A Kind of Genius: Herb Sturz and Society's Toughest Problems by Sam Roberts.
Herb Sturz began his long career in social entrepreneurship by reforming the bail system and founding the Vera Institute of Justice. He served as New York City's Deputy Mayor for Criminal Justice under Ed Koch and then as Chairman of the City Planning Commision. He moved on to establish affordable inner-city housing and programs for at-risk individuals. Roberts pays tribute to Sturz's inspirational legacy of accomplishment.
The Necessary Revolution: How Individuals and Organizations are Working Together to Create a Sustainable World by Peter Senge.
Today's most innovative leaders are recognizing that, for the sake of our companies and our world, we must implement revolutionary -- not just incremental -- changes in the way we live and work. Brimming with inspiring stories from individuals and organizations tackling social and environmental problems around the globe, “The Necessary Revolution” reveals how ordinary people at every level are transforming their businesses and communities.
Saving the Corporate Soul -- and (Who Knows?) Maybe Your Own: Eight Principles for Creating and Preserving Integrity and Profitability Without Selling Out by David Batstone.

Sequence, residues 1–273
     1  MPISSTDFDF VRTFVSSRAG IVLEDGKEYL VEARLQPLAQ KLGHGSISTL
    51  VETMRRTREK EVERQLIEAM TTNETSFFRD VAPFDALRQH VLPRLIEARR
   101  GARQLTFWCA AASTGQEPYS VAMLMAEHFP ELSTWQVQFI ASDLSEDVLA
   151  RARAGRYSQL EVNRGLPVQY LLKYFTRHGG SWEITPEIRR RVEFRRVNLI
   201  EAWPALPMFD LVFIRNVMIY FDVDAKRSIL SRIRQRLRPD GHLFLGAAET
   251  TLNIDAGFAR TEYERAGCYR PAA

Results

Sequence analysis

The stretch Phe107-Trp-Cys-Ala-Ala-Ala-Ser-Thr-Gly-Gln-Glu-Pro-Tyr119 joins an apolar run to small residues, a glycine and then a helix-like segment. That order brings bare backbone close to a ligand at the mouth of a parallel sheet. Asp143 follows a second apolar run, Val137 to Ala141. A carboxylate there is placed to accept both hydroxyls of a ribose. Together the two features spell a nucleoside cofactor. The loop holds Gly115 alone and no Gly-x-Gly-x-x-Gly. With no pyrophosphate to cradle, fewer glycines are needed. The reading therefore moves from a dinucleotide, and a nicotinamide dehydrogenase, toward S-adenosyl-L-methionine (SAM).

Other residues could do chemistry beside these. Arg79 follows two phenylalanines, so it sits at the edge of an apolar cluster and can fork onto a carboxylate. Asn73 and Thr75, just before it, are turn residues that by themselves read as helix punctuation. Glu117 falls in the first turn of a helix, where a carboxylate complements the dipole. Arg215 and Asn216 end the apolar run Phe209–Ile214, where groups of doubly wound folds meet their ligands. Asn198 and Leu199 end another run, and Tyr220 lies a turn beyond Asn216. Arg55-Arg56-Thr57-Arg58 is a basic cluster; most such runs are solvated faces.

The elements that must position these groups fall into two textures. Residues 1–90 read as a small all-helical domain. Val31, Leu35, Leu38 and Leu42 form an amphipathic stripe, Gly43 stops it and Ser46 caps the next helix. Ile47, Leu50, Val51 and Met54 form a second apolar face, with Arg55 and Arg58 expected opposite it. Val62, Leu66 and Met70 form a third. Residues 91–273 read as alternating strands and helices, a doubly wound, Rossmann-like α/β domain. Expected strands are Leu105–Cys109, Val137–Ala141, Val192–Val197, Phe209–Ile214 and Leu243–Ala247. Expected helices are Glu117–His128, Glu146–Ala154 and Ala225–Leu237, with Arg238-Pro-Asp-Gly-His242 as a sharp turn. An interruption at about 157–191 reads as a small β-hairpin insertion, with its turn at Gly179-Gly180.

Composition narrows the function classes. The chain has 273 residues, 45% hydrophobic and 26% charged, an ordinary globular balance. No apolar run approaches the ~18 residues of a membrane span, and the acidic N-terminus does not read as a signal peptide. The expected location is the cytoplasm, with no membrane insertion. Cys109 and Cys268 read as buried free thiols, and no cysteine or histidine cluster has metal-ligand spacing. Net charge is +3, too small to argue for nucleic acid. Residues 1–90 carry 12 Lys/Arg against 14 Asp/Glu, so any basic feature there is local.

David Batstone shows that a corporation has the potential to act with soul when it aligns its missions with the values of its workers and puts its resources at the service of the people it employs and the public it serves. He offers companies and their employees eight sound principles for "doing the right thing" and -- citing examples from firms like Timberland, General Motors, Clif Bar, and BP -- offers evidence that principled companies will excel financially over the long haul.
Social Change 2.0: A Blueprint for Reinventing our World by David Gershon.
Drawing on his three decades in the trenches of large-scale societal transformation, David Gershon -- founder and president of Empowerment Institute, and described by the United Nations as a "graceful revolutionary" -- offers an original and comprehensive roadmap to bring about fundamental change in our world.
The Social Entrepreneur's Handbook: How to Start, Build and Run a Business that Improves the World by Rupert Scofield.
A hands-on guide for organizations to succeed in the exploding new field of social entrepreneurship from one of its earliest leaders, the president and CEO of microfinance giant FINCA.